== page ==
Todd Kohlhepp ran a successful real estate business for a number of years, but his public image was altered drastically after he was convicted for the murders of at least seven people.
It was reported over the weekend that the serial killer admitted to having more victims.
“Yes there is more than seven,” he wrote in an eight-page letter to the Herald-Journal of Spartanburg, S.C., in November. “I tried to tell investigators, and I did tell FBI, but it was blown off. It’s not an addition problem, it’s an multiplication problem. Leaves the state and leaves the country. Thank you private pilot’s license.”
Kohlhepp unfortunately added, “At this point, I really don’t see reason to give numbers or locations.”
The FBI has stated that it has a pending investigation, but did not release specifics.
One of Kohlhepp’s victims, Kala Brown, was found “chained like a dog” inside of a shipping container on his property in Spartanburg.
Kohlhepp, a registered sex offender, raped and kept Brown locked in the shipping container for two months before she was found by authorities. He also shot and killed her boyfriend, Charles Carver, the last of his seven known victims. Her story appeared on CBS crime show “48 Hours.”
A video of her rescue from the shipping container was also made available.
Kohlhepp’s other known murders include four employees at a motorcycle store in 2003, where he shot and killed, execution style, 30-year-old store owner Scott Ponder, Ponder’s 52-year-old mother Beverly Guy, 30-year-old service manager Brian Lucas and 26-year-old mechanic Chris Sherbert. Kohlhepp said he killed them out of his anger with the manager.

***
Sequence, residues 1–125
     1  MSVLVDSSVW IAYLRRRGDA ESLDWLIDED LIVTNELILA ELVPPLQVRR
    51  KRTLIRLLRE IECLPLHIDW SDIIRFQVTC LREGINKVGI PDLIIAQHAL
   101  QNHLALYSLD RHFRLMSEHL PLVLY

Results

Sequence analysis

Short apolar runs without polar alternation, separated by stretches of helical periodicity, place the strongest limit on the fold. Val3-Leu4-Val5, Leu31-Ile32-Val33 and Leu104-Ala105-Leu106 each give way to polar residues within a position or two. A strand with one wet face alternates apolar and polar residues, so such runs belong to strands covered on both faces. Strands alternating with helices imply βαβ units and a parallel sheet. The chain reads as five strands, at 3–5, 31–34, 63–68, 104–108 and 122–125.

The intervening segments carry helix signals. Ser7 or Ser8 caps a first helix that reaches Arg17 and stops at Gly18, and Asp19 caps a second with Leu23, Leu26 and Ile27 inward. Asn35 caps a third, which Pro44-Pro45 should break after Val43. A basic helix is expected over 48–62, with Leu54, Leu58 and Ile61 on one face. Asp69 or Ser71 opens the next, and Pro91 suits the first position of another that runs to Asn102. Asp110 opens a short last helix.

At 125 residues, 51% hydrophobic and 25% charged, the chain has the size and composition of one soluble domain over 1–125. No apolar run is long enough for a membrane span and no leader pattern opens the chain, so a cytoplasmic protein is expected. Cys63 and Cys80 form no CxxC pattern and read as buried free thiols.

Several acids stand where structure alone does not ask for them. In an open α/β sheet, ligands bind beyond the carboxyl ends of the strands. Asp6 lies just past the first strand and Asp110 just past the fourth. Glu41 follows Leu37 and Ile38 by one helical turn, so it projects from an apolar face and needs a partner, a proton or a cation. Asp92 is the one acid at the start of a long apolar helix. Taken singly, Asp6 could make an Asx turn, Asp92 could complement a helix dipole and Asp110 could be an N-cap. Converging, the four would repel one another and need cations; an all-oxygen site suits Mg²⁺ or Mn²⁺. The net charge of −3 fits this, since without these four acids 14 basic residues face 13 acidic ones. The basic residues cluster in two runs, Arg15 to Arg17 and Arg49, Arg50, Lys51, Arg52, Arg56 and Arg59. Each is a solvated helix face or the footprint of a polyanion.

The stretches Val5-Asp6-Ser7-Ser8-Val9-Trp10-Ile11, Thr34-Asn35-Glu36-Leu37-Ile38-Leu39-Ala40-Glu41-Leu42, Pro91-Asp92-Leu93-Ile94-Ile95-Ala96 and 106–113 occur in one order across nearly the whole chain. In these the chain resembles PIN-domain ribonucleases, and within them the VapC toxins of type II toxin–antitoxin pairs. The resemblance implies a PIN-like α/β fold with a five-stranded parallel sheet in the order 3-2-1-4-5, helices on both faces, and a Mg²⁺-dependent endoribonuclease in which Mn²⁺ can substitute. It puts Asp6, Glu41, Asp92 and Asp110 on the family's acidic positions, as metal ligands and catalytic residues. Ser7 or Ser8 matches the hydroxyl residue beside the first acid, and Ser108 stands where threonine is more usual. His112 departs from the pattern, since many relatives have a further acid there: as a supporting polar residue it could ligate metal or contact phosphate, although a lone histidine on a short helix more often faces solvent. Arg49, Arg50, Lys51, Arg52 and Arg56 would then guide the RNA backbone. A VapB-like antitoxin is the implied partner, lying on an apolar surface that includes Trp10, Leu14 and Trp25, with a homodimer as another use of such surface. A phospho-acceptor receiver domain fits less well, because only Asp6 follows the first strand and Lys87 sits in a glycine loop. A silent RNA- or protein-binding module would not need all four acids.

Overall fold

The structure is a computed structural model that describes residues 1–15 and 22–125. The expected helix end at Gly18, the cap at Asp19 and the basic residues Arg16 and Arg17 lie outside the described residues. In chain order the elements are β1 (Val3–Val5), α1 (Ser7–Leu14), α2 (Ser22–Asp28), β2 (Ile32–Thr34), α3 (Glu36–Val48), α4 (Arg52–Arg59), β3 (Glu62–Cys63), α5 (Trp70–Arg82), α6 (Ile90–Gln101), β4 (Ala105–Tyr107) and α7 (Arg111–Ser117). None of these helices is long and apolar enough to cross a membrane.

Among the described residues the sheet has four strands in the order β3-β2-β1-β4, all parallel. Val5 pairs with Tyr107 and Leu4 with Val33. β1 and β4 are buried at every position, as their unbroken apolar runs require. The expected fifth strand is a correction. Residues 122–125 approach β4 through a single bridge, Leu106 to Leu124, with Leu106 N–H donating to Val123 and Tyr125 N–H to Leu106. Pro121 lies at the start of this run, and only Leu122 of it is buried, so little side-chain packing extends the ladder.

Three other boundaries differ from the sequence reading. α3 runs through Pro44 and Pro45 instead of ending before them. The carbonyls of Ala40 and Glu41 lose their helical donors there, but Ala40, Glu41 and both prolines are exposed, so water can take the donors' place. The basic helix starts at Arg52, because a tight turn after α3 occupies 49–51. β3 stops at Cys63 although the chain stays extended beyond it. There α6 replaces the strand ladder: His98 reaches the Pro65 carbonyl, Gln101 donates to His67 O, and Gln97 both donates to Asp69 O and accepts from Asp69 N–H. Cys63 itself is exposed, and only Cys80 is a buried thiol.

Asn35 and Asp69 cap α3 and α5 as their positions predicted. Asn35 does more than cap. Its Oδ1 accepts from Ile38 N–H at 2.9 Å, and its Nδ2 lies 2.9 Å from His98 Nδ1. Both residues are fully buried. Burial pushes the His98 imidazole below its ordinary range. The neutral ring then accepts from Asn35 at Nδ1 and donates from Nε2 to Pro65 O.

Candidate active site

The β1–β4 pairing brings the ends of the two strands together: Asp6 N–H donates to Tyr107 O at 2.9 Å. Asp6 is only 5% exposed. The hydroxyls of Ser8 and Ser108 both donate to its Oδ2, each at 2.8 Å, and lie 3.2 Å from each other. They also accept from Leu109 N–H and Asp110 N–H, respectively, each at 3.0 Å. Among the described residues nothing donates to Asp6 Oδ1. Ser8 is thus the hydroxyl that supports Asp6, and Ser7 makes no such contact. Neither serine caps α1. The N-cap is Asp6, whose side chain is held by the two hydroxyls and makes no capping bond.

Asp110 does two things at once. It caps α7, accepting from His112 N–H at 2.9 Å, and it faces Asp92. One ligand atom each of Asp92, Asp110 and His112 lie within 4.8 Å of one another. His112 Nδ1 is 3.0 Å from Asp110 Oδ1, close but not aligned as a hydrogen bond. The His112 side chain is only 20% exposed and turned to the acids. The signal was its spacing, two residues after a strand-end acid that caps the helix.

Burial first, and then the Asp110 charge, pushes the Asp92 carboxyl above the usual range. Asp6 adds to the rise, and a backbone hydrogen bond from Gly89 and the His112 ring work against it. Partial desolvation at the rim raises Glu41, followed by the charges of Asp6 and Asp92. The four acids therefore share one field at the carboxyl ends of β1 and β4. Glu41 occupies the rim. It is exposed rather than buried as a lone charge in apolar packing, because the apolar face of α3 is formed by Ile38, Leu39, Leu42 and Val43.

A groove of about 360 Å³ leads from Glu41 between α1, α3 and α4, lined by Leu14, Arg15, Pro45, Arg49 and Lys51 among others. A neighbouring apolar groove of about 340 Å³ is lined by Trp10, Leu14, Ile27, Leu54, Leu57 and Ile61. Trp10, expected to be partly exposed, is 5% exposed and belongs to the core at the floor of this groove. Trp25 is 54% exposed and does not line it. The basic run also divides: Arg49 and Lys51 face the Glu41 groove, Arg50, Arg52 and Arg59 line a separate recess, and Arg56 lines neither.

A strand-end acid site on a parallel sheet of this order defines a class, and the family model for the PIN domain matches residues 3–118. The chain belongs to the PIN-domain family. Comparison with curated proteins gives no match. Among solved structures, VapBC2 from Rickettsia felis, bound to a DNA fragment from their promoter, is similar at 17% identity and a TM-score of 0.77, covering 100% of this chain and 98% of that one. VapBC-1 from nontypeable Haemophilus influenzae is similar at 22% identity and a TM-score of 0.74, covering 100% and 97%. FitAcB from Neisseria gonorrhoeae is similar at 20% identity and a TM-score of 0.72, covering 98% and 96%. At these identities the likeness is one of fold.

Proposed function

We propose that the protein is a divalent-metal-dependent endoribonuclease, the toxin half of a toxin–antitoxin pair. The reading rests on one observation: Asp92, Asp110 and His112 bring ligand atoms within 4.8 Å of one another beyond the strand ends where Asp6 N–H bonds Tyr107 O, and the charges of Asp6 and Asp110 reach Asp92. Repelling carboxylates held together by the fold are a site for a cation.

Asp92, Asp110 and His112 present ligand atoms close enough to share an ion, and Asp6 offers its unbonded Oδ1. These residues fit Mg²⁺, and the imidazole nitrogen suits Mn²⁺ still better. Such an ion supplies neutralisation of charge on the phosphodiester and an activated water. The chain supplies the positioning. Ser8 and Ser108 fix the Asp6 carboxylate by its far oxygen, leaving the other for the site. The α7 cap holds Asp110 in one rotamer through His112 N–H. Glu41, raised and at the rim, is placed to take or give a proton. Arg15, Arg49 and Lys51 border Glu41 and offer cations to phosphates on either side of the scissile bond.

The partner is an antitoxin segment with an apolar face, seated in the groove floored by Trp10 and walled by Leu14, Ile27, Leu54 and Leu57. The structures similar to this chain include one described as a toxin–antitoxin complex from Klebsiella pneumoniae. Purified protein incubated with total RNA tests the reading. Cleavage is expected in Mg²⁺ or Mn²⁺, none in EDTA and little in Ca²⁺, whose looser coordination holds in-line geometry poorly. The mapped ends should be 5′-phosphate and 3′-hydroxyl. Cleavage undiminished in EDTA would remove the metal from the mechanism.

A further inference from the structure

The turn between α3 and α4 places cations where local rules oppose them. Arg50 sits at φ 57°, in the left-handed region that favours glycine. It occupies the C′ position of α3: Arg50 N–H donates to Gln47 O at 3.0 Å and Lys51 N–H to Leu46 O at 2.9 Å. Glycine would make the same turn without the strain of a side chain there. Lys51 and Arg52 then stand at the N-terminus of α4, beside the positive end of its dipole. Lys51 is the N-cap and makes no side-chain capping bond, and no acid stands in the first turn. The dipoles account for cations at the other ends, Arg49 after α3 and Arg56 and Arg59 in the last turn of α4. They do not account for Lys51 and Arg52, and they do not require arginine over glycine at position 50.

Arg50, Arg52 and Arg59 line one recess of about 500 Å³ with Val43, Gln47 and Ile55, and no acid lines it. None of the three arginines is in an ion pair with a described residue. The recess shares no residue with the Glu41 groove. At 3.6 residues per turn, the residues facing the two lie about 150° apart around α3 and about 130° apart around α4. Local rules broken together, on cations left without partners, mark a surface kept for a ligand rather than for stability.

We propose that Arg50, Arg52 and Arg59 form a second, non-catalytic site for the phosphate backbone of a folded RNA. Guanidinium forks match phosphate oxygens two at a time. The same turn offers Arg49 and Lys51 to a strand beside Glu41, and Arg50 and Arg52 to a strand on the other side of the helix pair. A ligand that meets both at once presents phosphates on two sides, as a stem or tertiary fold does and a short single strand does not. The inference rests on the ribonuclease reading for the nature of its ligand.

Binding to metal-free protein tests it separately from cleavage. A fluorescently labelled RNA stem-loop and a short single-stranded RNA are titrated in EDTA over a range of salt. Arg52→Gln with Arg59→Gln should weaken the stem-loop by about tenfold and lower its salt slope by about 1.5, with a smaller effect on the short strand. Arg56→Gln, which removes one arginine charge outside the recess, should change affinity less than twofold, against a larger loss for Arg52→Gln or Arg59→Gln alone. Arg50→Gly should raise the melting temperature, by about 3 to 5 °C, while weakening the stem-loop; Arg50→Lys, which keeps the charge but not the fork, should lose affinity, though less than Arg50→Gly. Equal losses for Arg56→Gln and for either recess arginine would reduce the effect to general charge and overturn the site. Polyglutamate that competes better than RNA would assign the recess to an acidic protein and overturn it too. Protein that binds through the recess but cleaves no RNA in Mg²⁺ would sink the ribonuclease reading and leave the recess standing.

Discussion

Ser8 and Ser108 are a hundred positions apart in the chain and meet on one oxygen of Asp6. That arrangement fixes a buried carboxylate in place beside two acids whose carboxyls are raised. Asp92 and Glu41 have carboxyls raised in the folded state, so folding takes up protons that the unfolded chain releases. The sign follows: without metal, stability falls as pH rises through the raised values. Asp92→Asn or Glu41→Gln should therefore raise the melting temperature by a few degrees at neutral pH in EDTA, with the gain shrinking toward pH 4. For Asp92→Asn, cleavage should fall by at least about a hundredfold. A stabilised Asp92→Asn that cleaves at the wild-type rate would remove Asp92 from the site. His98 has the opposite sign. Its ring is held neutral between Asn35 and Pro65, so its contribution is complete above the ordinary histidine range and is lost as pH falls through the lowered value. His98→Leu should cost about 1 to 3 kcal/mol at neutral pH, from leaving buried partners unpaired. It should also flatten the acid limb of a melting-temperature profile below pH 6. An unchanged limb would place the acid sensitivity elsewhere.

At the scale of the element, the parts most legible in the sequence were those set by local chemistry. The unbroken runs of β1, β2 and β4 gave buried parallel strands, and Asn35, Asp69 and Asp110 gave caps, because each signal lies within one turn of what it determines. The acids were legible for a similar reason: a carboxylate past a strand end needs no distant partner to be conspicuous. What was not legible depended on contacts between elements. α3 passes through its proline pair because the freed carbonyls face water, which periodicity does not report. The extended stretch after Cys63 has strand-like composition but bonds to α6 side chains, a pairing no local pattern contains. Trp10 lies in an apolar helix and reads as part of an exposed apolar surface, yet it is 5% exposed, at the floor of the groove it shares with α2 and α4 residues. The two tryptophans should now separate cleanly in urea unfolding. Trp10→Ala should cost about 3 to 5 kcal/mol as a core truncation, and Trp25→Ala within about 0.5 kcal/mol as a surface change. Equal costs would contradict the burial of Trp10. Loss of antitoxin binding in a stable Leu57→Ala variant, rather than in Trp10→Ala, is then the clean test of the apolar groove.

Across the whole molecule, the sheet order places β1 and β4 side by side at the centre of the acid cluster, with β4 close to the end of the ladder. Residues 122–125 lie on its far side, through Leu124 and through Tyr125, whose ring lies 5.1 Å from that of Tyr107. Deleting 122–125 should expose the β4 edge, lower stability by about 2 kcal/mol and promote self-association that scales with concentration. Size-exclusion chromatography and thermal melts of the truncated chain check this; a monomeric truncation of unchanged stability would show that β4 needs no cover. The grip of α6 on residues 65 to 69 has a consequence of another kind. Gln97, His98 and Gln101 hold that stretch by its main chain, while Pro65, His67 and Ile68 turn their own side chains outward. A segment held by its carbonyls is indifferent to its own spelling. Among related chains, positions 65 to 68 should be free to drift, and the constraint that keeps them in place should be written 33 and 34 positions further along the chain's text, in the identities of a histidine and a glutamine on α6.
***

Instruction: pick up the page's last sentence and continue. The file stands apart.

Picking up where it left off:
Kohlhepp also killed a couple — 29-year-old Johnny Joe Coxie and 26-year-old Meagan Leigh McCraw-Coxie — in December 2015. The search for the missing couple led authorities to find Brown. Their bodies were also discovered on his property in Spartanburg.
In May, Kohlhepp pleaded guilty to killing at least seven people in the state of South Carolina over the span of 13 years. He is serving seven consecutive life sentences in prison for the deaths along with 60 years for other charges related to the murders, including kidnapping and sexual assault.
Over 50 family members of the seven killed were in the courtroom as Kohlhepp made his plea. It was said that a sheriff and the families of the victims were overcome with emotion in court.
Brown did not attend but expressed support for the plea deal that Kohlhepp took to avoid the death penalty. She said that another death would not bring her satisfaction.
“As [Brown] said in one of her first meetings with the solicitor — he’s the killer, not me,” reported attorney Alex Stalvey.
At the age of 15, Kohlhepp raped a 14-year-old that he had a crush on. In 1987, his probation officer described him as an angry individual who felt that the world owed him something. He also referred to Kohlhepp as the type of individual “with little or no conscience.”
Kohlhepp was released from prison in 2001 following the conviction.